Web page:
Afghan Cultural Awareness Information

Oct 5, 2021

Aim: This note provides important cultural information for people providing services to Afghan refugees in the UK.

Caveat: This is a very basic introduction to Afghan culture. There is an incredible amount of diversity within the Afghan society and the intention is not to STEREOTYPE all Afghans! If you have further questions about Afghan culture after reading this document, you can email them to ACAA:

Greetings and social interaction

  • Obviously, due to Covid, the regular form of Afghan greetings is not currently appropriate: Women (especially acquaintances) greet each other with a hug and then kiss one another on the cheek (similar to the French greeting). Men greet each other simply with a handshake.
  • With social distancing, or with someone you don’t know very well, it is more appropriate to greet someone by saying “Salaam” meaning “Hello” and placing your right hand over your heart and nodding slightly (this shows respect and sincerity).
  • Generally, do not make physical contact with people of the opposite gender when you meet them. Men especially should wait until a woman extends her hand before extending his for a handshake. Otherwise, do the greeting mentioned in the bullet point above.
  • In many cases, Afghan women may feel more comfortable being seen by another female when alone – whether it is a case worker, interpreter, doctor or nurse, for example.


  • ALWAYS ask an Afghan’s permission before taking their photograph. This is especially true of women and girls.
  • You SHOULD extend an offer multiple times. Afghans will often decline an offer initially, saying ‘No, it’s okay, please don’t worry,’ out of politeness and to show they are not greedy. Therefore, offer everything multiple times.
  • DO NOT ASSUME that all Afghans follow a conservative interpretation of Islam! Some family dynamics are more egalitarian, whilst others are based on some form of a hierarchy. If you can, take the time to learn about and adapt to the practices of the Afghans you meet.
  • Tea is a comfort drink for most Afghans. Fortunately there is a lot in common with British culture here! If possible, offer tea to make Afghans more comfortable.
  • Respect prayer times: allow time for Afghans to pray if they ask to, and if someone is praying in the room do not walk in front of the prayer mat. Also, check the general direction of Mecca from your location in case they ask.
  • Within Western culture people do not like it when strangers touch or try to calm down their children. Mostly speaking, this is different in Afghan culture: if a child or baby is crying, mothers appreciate it when others come and try to help calm the child.

Extracurricular / Food

  • Most Afghans are active users of social media, especially Facebook and Twitter.
  • There are many TV channels that Afghans watch (for example Tolo TV/news, Ariana TV, Lemar etc…) but they are not available on regular TV and they need a digital box (such as Jadoo) – although channels are streamed on YouTube.
  • Afghan cuisine is very varied. The staples are rice (pilau) or Qabuli pilau (rise with carrots and raisons) with different types of meat – Kofta (meatballs in tomato sauce), Yakhni (steamed meat in broth), dumplings (either meat filled or with leeks), soups etc… Bread is eaten with almost every meal. Many Afghans will be used to other cuisines as many western style restaurants have been built in Afghanistan in recent years, selling burgers, pizzas etc.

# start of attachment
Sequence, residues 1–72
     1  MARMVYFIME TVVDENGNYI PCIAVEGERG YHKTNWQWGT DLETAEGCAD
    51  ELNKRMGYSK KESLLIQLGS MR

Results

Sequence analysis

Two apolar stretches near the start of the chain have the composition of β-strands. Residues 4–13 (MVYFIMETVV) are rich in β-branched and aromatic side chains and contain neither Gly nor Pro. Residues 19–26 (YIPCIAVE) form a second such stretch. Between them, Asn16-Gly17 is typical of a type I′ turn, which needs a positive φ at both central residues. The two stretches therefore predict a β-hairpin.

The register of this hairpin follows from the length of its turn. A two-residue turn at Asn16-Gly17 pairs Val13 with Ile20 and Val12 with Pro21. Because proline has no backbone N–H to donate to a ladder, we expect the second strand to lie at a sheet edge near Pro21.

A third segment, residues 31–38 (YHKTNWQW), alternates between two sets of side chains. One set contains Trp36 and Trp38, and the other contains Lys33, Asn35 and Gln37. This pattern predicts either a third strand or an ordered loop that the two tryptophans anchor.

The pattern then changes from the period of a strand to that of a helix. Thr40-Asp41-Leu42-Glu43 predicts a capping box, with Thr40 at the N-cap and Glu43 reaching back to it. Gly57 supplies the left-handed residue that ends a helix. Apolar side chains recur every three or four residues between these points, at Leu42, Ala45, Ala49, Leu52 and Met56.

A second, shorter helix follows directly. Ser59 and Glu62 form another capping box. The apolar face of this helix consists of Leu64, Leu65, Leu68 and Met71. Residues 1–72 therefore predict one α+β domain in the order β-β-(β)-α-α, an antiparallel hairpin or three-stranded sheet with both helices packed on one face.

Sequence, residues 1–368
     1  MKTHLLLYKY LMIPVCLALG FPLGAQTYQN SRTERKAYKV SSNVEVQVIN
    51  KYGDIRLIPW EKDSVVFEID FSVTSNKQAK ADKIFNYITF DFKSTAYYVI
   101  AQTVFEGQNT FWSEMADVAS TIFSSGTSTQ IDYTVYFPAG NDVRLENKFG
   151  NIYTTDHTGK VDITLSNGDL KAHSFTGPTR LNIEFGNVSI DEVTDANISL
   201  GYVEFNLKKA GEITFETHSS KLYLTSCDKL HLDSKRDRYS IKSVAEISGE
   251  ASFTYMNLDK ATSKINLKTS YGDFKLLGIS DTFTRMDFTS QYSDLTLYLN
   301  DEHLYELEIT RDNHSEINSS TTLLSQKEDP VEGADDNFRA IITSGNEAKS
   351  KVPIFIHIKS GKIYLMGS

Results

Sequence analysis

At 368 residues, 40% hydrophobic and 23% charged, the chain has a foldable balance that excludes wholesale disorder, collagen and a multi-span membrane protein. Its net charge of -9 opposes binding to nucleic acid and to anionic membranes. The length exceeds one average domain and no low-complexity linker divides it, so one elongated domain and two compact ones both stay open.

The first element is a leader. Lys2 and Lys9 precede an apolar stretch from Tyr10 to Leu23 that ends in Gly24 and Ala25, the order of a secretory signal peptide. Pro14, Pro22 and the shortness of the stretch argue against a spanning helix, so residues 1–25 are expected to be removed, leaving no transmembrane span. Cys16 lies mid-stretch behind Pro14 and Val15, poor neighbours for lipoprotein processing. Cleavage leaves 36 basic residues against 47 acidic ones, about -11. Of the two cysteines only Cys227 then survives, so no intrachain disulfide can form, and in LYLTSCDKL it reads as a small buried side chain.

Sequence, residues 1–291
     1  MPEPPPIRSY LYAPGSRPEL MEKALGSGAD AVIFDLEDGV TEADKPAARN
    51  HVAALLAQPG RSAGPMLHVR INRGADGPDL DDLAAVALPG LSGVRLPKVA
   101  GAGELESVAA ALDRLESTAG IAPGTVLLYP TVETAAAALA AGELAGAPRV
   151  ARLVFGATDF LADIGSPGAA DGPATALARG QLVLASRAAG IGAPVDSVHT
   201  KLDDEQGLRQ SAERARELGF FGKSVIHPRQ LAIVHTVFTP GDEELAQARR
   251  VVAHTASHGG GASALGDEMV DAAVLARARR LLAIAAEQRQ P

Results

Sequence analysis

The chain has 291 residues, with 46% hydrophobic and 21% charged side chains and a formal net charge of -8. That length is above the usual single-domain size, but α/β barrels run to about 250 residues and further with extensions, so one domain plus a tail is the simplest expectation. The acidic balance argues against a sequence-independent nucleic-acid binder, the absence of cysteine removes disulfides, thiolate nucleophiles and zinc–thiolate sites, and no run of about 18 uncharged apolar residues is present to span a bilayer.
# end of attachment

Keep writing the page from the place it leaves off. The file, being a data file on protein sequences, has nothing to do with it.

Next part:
• In Afghanistan, it is common for women not to learn to drive. Bear in mind that this could present barriers for them in the UK, for example travelling to meetings alone, taking their children to school or even shopping alone.

Mental Health

  • Be SENSITIVE. There is generally a high occurrence of anxiety, depression and post-traumatic stress disorder amongst refugees. The ‘firsts’ that they experience (Eid, New Year – celebrated on 21 March, birthdays) will be the hardest given the survivor’s guilt they will face.
  • PROVIDE REASSURANCE AND OFFER SYMPATHY. However, don’t push for details of their personal experiences in Afghanistan. Wait until your counterpart initiates the conversation or you have a close relationship with them.
  • More conservative families may fear that their close relatives, especially their daughters/sisters/wives, will forget or will not value Afghan culture and traditions. Therefore, you should reassure them that there are Afghan community groups and societies in the UK, which may help overcome that fear.
  • There can be social stigma when it comes to talking about mental health, as it is not something widely discussed in Afghanistan. Therefore, if you suggest that an Afghan might need psychological help, this could be seen as offensive. Offering support for mental health should be done in a calm, explanatory and subtle way.
  • Men are often the breadwinners in the household. This means that they may feel pressure to support their family at home and even those still in Afghanistan.
  • If you are recommending women to work, bear in mind that this can be culturally sensitive in some families. You may want to consider talking to the woman in private before discussing it openly with her father/brother/husband.
  • Be respectful if women and children are reluctant to discuss their domestic situation. Make them aware of their rights and the types of aid at their disposal but do not make them feel obligated to talk. This could cause additional anxiety and make them worried about discussing things in the future with carers and professionals.

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